In your sales career, have you reported to sales managers or sales administrators? Of the managers you’ve reported to, is there one you wish you son or daughter could work for in their first sales job? My first manager assigned quota, signed my expense reports, told me what to do and frightened me into doing it. Subsequent managers left me alone. All were sales administrators just trying to deliver the revenue assigned to them. Titles containing the word manager imply assessment and development of staff. Most salespeople are motivated to succeed. Sub par performance is due to a shortage of activity or skill deficiencies. Sales administrators tell salespeople the quantity of activity (what and how much to do), but are unable to influence the quality of their efforts. The definition of insanity is doing the same thing repeatedly and expecting a different result. I’d like to suggest a few ways to address both the quantity and quality of a salesperson’s activity.
Avoiding Train Wrecks
Bad years occur a month at a time. By the time a manager or salesperson realizes things are bad (18% YTD in May?), it may be too late to salvage the year. Consider taking a salesperson’s monthly quota and multiplying it by the length of an average sales cycle. Each month the manager can evaluate where the seller is YTD and apply an estimated historical close rate to his or her pipeline to get a sense of where they will be one sales cycle out. If they are behind, prospecting activity must be increased.
Removing the Rose-colored Glasses
Another reason sellers fall behind is by having pipelines full of stale opportunities. Totaling the line items yields a result larger than the GDP of many small countries. Sellers lack a sense of urgency to prospect when they apply unrealistically high probabilities to their pipeline and convince themselves things will be fine. A closer look may reveal many are low probability opportunities. One easy suggestion is to remove all proposals more than 45 days old unless there are specific circumstances indicating the opportunity is still viable. Getting the pipeline to more closely resemble reality is a critical step in determining how much effort must be place on prospecting.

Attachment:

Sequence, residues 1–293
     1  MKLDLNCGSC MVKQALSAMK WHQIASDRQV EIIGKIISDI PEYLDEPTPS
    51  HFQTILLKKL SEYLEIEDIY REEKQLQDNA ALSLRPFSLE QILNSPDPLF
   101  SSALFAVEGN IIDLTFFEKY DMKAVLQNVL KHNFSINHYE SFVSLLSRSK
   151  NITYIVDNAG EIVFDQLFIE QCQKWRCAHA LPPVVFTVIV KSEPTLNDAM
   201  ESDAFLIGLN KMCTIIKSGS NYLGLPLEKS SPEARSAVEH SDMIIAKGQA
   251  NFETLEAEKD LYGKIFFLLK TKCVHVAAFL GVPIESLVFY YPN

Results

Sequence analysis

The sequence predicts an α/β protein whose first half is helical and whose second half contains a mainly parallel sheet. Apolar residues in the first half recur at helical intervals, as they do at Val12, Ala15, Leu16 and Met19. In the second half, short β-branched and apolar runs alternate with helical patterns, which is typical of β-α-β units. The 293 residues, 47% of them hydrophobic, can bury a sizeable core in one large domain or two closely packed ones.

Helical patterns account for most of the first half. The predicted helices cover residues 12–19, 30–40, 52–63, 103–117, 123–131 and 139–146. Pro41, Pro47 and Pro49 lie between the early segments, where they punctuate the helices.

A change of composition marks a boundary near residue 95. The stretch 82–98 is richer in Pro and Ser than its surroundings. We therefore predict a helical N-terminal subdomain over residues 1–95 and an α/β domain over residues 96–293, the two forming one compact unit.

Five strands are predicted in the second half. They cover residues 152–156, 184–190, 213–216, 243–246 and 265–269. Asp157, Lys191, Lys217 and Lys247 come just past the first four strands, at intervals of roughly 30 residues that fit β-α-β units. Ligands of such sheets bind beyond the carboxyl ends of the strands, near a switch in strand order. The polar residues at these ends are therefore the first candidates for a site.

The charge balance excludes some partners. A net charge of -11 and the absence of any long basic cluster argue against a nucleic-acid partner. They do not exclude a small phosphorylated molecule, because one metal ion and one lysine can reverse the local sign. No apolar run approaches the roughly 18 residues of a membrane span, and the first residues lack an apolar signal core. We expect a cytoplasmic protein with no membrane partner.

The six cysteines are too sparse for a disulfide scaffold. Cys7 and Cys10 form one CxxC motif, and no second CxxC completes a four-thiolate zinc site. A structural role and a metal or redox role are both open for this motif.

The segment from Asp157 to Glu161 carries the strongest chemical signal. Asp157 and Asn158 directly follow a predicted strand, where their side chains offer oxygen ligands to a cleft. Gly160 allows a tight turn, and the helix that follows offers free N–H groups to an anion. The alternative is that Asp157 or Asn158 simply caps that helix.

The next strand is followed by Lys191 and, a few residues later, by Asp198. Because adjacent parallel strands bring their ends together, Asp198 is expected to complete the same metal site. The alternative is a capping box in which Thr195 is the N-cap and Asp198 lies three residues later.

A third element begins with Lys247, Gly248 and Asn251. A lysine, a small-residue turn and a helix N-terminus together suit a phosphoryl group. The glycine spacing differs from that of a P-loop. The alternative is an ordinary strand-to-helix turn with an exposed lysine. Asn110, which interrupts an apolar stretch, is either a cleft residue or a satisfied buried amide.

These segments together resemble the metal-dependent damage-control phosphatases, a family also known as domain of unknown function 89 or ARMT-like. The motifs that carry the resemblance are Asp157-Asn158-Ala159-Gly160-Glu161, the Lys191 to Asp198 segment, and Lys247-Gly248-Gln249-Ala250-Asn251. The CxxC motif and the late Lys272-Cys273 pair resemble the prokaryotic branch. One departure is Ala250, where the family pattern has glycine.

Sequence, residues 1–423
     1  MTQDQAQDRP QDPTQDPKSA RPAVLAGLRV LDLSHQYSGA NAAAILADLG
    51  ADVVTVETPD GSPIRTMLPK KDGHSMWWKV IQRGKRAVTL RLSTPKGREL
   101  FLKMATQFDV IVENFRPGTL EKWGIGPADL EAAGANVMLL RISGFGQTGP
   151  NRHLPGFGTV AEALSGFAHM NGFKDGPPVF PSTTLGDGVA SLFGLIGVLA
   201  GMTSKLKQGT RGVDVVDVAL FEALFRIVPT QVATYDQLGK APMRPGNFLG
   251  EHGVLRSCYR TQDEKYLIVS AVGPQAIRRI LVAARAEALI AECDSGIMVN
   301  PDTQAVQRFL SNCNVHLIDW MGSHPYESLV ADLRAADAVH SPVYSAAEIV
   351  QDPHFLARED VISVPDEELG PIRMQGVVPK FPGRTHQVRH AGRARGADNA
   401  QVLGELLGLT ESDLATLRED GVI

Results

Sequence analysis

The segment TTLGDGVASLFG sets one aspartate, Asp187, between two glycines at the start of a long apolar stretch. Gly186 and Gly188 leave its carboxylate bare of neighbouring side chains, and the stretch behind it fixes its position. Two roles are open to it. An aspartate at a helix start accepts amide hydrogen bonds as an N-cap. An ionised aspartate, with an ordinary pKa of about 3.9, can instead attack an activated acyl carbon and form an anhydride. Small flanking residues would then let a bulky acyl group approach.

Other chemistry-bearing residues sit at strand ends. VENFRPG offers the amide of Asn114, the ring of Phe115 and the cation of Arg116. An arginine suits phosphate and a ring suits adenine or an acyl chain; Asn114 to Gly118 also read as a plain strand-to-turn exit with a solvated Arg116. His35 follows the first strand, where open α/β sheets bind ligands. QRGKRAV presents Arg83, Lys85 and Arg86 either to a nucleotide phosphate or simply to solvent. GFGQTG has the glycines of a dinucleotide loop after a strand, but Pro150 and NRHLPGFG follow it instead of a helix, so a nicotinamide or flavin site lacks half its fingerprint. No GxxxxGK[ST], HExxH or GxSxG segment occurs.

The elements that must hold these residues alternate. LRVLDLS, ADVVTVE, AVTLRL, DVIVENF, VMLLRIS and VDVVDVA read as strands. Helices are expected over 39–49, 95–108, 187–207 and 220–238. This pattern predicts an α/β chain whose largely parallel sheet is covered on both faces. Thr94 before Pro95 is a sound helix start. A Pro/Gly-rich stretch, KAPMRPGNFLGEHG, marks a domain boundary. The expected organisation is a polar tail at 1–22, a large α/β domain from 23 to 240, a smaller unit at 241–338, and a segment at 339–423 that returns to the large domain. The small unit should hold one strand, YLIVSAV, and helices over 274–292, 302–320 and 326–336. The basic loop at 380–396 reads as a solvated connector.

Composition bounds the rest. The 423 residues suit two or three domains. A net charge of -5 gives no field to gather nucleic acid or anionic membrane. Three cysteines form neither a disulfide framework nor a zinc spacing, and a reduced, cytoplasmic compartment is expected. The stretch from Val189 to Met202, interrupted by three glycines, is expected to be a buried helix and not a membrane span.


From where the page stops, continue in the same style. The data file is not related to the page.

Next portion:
Spring Cleaning For stale proposals, consider having the salesperson inform prospects either in writing or verbally that the proposal or quote is being withdrawn because no action has been taken. I suggest sending a registered letter. One of two things will happen:
You don’t hear back from the prospect, an indication you should delete it from the pipeline.
The prospect calls back in which case you can attempt to resell the opportunity.
Quality of Activity
Once sellers understand they must find new opportunities, they stare at the phone and realize they not only despise cold telephone prospecting, they aren’t good at it. Studies show the telephone is not the most effective way to contact business people. The odds of reaching them improve with an initial letter or fax. Why not work with the seller to identify a vertical industry and likely title of a decision maker and help draft a one-page fax with a menu of likely business issues that title may be facing? The biggest challenge in making initial contacts is having executives understand the potential value of talking with a salesperson. A one-page fax provides a basis to start a conversation with an executive or their assistant in order to schedule a call.
Avoid the RFP Trap
Salespeople like to put off prospecting and those below quota want to add new opportunities to their pipelines. Unsolicited RFP’s address both desires. Consider for a moment your win rate on RFP’s that you didn’t influence. Many of our clients discover their success rate is below 5% in such cases because a vendor has already “wired” the requirements. One technique to avoid the RFP trap is to contact the person issuing the RFP (seldom a decision maker), and request interviews with two or three titles that would be involved in the decision. Most likely, the salesperson will get pushback because the requirements are all listed within the document. At this point, the seller can explain that to do a professional job and justify the hours it will take to respond, the perspective of the other people is necessary. These interviews may also uncover some unique features or capabilities that could further improve the cost versus benefit. When you consider RFP’s can take twenty or more hours to respond to, this is a perfectly reasonable request. If granted the interviews, attempt to bring out differentiators that will change the requirements. If denied access to the people you ask to talk to, consider sending a letter indicating you cannot respond. If the issuer of the RFP wants you to bid, you will do so provided you are granted access to the people requested. This approach is counter-intuitive, but consider your competitors’ win rate on RFP’s that you wire. The majority of RFP’s have been wired and other vendors are invited to bid only to provide leverage in negotiating the best possible terms and price with the preferred vendor.
Proactive Sales Management
These approaches can be implemented even if you have not attended a CustomerCentric Selling® Workshop. While sellers want to qualify opportunities, part of a manager’s role is to disqualify those with a low probability. Your salespersons’ chance of success will be enhanced if you look one sales cycle ahead, and try to focus on not only how much to do, but how to do it.
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